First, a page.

- The Washington Times - Tuesday, May 23, 2017

ARLINGTON — Maybe Jay Gruden winked. Maybe there was a little something-extra to a slap on the back. Through the first stages of offseason workouts, something told Redskins running back Chris Thompson that his coach has high expectations for him this fall.

“I have a feeling that I might get a little more this year,” Thompson said before hitting the greens at Army Navy Country Club, where the Redskins held their foundation’s annual Golf Classic Monday.

“He (Gruden) knows now that I’m healthy and I can stay healthy which I think that was one of his biggest concerns. So now he’s seen that I can handle the load, I think I’ll get a lot more opportunities this year.”

Thompson had a career year in 2016 and carved out a sizeable role for himself as a third-down back. He gained 705 yards (356 rushing, 349 receiving) and scored a career-high five touchdowns (three rushing, two receiving) playing the first full 16-game slate of his career. He played 45.94 percent of offensive snaps, more than any other running back.

Here’s the rub: ‘I’ve got a feeling’ is either a Beatles or a Black Eyed Peas song, depending on who you ask, but it’s not a promise. There was no particular reason or conversation that led Thompson to believe his role is set to become larger, something Gruden wasn’t ready to commit to Monday.

“We’ll see on that,” Gruden said. “I think Chris Thompson’s role is big. When you’re talking about third downs, that’s the most important down in football.”

The Redskins have penciled-in Rob Kelley as their starting running back and like fourth-round draft pick Samaje Perine, so touches on first and second downs may be hard to come by. Like the coaching staff, Thompson has been impressed with Perine.

“He looks good,” Thompson said. “Big boy. When I saw him you know I heard he was a really big guy but he’s huge, so I think it’s going to be a big compliment to our run game and help us out a whole lot.”

While players like the 5-11, 233-pound Perine win with strength and downhill power, Thompson spent the offseason working on his route running. He was able to dedicate his focus there, in particular, after spending past offseasons rehabbing various injuries.

In April, Thompson signed the one-year restricted free agent offer the Redskins tendered him in March.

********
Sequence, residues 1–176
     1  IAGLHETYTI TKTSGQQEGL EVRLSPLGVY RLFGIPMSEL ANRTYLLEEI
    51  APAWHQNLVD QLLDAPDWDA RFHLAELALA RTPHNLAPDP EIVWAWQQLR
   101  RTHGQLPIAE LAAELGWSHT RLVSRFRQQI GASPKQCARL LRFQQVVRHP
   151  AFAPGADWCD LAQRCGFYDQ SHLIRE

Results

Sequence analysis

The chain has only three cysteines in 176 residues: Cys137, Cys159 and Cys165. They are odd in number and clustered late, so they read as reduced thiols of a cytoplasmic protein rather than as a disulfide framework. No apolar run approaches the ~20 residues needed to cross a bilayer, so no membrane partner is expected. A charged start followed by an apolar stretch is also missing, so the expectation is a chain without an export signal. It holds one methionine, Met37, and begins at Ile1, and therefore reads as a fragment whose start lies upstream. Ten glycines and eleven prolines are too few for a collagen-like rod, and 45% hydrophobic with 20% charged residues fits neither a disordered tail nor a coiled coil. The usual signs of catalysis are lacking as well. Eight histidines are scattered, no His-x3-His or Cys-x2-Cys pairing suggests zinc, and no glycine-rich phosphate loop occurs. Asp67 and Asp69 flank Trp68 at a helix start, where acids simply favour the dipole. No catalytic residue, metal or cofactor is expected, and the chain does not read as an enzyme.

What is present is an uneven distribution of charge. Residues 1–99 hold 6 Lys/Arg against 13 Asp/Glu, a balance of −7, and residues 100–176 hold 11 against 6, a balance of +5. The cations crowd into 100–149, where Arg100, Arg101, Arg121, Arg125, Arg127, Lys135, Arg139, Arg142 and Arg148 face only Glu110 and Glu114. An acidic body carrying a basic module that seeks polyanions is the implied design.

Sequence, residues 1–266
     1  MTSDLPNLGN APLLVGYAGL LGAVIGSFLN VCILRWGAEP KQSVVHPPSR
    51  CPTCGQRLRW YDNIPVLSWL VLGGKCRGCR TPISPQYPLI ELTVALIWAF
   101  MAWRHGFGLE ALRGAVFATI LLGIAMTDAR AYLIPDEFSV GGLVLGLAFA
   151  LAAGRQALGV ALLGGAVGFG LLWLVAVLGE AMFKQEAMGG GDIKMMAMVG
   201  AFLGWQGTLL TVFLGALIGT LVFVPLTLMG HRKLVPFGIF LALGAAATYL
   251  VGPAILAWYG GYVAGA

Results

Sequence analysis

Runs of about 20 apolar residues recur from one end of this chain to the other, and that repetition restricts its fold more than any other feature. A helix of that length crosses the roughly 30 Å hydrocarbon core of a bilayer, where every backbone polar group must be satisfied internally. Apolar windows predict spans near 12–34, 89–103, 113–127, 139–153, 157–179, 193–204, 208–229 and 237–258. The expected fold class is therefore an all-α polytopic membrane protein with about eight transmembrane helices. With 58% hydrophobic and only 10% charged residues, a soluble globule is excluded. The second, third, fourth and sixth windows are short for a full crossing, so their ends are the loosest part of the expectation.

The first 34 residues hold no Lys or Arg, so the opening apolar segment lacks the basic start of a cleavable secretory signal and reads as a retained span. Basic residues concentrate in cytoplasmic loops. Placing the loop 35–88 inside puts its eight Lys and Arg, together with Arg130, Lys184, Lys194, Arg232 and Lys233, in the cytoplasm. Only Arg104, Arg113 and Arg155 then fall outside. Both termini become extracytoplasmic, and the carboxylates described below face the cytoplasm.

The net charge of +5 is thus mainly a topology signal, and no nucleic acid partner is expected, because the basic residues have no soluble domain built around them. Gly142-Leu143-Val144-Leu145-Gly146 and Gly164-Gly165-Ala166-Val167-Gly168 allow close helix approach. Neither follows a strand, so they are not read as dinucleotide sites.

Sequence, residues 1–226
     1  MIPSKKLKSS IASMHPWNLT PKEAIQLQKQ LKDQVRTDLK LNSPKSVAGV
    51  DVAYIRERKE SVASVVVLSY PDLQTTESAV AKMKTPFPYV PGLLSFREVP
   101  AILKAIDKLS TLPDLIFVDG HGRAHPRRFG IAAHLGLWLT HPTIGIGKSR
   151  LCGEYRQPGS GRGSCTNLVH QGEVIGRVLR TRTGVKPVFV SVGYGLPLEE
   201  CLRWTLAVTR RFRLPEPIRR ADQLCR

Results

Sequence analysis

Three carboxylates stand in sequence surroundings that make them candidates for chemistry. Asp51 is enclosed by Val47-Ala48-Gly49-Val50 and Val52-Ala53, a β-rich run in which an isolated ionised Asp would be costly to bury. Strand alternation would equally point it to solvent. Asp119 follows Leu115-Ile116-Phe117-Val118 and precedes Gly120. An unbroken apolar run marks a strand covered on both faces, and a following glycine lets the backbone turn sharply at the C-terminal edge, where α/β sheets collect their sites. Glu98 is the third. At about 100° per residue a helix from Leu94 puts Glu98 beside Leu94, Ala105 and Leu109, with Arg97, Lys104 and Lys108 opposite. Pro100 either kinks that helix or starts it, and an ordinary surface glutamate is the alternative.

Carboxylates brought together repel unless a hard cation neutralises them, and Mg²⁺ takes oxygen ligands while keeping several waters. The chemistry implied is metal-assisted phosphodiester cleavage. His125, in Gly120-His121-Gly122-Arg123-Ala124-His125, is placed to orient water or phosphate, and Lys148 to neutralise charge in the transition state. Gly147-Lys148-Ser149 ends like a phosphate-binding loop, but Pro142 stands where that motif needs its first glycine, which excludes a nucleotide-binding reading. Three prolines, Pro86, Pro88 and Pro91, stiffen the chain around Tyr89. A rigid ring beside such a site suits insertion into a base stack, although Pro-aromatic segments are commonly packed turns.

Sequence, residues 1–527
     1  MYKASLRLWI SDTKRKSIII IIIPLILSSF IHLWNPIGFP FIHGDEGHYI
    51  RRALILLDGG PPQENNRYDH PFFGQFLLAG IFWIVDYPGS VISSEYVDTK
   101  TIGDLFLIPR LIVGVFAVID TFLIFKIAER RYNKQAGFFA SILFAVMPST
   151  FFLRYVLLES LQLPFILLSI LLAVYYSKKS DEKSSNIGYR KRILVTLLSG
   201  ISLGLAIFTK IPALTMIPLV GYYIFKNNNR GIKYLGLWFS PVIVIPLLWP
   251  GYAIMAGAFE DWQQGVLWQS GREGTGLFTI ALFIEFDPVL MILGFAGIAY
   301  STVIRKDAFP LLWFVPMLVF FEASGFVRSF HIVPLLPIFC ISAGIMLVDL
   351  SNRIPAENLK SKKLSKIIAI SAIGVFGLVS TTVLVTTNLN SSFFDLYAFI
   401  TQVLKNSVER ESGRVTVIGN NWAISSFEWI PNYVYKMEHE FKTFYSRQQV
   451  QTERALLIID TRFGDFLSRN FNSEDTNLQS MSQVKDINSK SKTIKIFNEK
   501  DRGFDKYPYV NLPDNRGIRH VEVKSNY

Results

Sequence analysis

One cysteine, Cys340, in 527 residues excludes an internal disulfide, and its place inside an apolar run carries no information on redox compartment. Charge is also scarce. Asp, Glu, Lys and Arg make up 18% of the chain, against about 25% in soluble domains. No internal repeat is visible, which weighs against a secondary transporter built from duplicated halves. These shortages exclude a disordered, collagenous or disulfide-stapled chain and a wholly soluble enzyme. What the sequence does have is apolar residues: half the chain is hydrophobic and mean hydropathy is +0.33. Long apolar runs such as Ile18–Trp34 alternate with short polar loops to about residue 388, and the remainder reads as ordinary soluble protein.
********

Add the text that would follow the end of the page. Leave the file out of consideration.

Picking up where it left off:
“I’m just glad I’m here. At least for another year and hopefully for years to come,” Thompson said.

Without a long-term deal, Thompson’s security is limited. He can feel hopeful about taking on a bigger role and nervous about surviving roster cuts simultaneously.

“I always do,” Thompson said. “Even after the last preseason game when you guys talk to me again I’ll still be nervous when that time comes around.”

Thompson may find a bit of solace in the fact that he is certainly in the Redskins plans, where the 5-8, 195-pound player’s skills as a pass-catcher serve him well.

“Third down, red zone, you talk about situational football and there’s nobody better as a third down back in my opinion than Chris, so he’s got a huge role on this football team,” Gruden said. “Whether he does some more stuff on first and second down will be determined, I’m sure he will, but he’s so valuable on third down that I’ve got to keep him in that role for now.”

One-year deal aside, the Redskins have made a long-term investment in Thompson, who they stuck with despite injuries that held him to just six games in his first two seasons with the team. Thompson’s last two seasons at FSU were cut short by broken vertebrae as a junior and a torn ACL as a senior, so Washington could have decided the 2013 fifth-round pick was too big of an injury risk and cut him. Instead, they stashed him on the practice squad for a while and waited until Thompson was healthy and the roster had an opening.

“At that point, you would think that somebody would get rid of you and you know, try to move on but they stuck with me, they believed in me and I just worked my butt off to get to where I am now,” Thompson said.

Such is the nature of playing running back in the NFL: The Redskins have shown loyalty to Thompson and he believes he has a bright future with the team. Yet, he worries. Luckily, any roster concerns aren’t dampening Thompson’s excitement.

“You know, it’s the NFL so it’s competition every single year, nothing is ever set in stone, unless you’re AP or somebody like that, but it’s going to be a fun one,” Thompson said.

Someone tell Thompson it took AP (Adrian Peterson) months to find a two-year deal laden with near-impossible incentives. Or perhaps don’t. It takes some blind optimism to survive as a back in this league, and Thompson has done well by embracing that.

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